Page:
When the ancient Polynesians invented surfing, they often used a paddle to help them navigate. Fast-forward a few millennia, and Stand-Up Paddleboarding, or SUP, finds itself trendy again. Part of its increasing popularity is that standing upright allows surfers to spot waves more easily and thus catch more of them, multiplying the fun factor. Paddling back to the wave becomes less of a strain as well. The ability to cruise along on flat inland water, surveying the sights, is another advantage. Finally, its a good core workout. If youre sold on the idea, schedule an intro SUP lesson, free with board and paddle rental, and you may find yourself riding the waves like a Polynesian king.More
In the past 30 years, light artists have reimagined an art form that has always had the ability to turn the night sky, or a simple window, into luminescence. Last fall, the Yerba Buena Center for the Arts turned its southern glass wall into a parade of sound-sensing lights, Lightswarm, that changes with the movements of nearby people and things. Future Cities Lab, the San Francisco design company behind Lightswarm, has originated another notable light sculpture. Located by the YBCA's steps at 701 Mission, Murmur Wall will light up in arresting ways as it incorporates local trending search engine results and social media postings. Onlookers can offer their own contributions, which will feed into the Murmur Wall's data stream and light up the sculpture. What's trending in San Francisco? If you're walking by the YBCA, you can see firsthand — at least through light patterns that reflect the city's volatile internet habits.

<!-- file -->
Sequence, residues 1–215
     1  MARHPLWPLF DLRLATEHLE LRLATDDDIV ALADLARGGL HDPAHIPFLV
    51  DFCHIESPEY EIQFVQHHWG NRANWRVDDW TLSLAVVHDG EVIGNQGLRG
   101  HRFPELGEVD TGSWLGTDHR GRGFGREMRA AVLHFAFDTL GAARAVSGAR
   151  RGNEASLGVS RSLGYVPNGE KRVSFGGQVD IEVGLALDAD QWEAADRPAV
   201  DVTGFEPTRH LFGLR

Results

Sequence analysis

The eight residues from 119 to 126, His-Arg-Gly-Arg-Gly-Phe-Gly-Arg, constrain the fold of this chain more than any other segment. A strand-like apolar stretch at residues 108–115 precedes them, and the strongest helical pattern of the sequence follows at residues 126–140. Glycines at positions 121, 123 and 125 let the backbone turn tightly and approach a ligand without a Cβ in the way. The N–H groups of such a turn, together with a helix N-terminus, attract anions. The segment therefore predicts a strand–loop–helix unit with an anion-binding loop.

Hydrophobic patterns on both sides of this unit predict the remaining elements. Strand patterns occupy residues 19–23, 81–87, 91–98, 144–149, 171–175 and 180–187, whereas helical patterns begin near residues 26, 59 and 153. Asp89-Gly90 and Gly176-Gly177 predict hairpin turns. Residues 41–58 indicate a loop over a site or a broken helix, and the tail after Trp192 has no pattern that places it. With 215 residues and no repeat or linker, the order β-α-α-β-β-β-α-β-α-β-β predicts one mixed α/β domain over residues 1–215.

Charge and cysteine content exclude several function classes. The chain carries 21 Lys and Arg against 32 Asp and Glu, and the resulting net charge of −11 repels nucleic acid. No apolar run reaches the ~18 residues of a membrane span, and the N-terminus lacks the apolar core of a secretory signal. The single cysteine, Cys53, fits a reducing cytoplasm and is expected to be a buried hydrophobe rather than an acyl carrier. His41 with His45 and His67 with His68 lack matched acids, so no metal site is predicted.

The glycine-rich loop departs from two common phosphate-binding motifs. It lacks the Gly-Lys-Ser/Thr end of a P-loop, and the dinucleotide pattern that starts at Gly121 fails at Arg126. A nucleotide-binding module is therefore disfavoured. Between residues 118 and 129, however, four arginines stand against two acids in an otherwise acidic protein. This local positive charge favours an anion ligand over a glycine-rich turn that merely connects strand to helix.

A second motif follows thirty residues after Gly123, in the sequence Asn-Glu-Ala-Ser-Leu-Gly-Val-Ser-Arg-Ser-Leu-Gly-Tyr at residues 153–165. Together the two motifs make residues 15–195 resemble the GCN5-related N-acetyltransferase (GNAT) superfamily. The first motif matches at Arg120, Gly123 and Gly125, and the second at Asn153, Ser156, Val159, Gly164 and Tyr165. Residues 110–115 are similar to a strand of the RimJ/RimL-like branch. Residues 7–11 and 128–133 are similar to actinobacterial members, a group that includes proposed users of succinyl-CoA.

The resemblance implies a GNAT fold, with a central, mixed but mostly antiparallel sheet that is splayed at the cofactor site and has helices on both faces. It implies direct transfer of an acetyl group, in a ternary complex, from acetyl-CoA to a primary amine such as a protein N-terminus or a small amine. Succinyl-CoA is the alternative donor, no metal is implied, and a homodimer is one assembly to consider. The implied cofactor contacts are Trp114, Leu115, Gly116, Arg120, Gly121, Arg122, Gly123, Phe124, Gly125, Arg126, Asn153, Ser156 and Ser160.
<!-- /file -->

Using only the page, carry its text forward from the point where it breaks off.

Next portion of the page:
Murmur Wall debuts Thursday at 6 p.m. and continues through May 31, 2017, at Yerba Buena Center for the Arts, 701 Mission St., S.F. Free; 415-978-2700 or ybca.org. More
San Francisco Film Society held their Film Society Awards Night at Bimbo's on Tuesday, May 7th. Harrison Ford was in attendance accepting the 2013 Peter J. Owens Award. Photographs by Josh Edelson for SF Weekly.
There are often mini-trends in cinema, as in competing biographies of a single person (your Capotes, your Hitchcocks, your Prefontaines), or multiple movies about large things hitting Earth. This week brings us two different foreign films about old men embarking on a life of crime, the less interesting of which is Reshef Levi's Hunting Elephants. Jonathan (Gil Blanks) is teenager whose father (Tzvika Hadar) dies on the job as a security guard at a bank run by the unctuous Dedi (Moshe Ivgy), who uses a loophole in the fine print to deny the family any insurance compensation, even as he moves in on Jonathan's mother, Dorit (Yael Abecassis). Jonathan begins reconnecting with his estranged grandfather Eliyahu (Sasson Gabai), and along with Eliyahu's friend Nick (Moni Moshonov), they plan to rock Dedi's bank, with the help of Uncle Michael (Patrick Stewart), a flamboyant British stage actor. Unfortunately, this Israeli version of Going in Style's attempts to be edgy — particularly regarding the lustfulness of the elderly men toward a voluptuous nurse (Rotem Zussman-Cohen) — are frequently vulgar without being funny, crossing the line from commenting on sexism to actually being sexist. The only real pleasures in Hunting Elephants come from Stewart's broad performance, playing up to his current dandy persona, but he's not enough to make the film worth tracking down.
Sub Pop recording artists 'clipping.' brought their brand of noise-driven experimental hip hop to the closing night of 2016's San Francisco Electronic Music Fest this past Sunday. The packed Brava Theater hosted an initially seated crowd that ended the night jumping and dancing against the front of the stage. The trio performed a set focused on their recently released Sci-Fi Horror concept album, 'Splendor & Misery', then delved into their dancier and more aggressive back catalogue, and recent single 'Wriggle'.
Opening performances included local experimental electronic duo 'Tujurikkuja' and computer music artist 'Madalyn Merkey.'"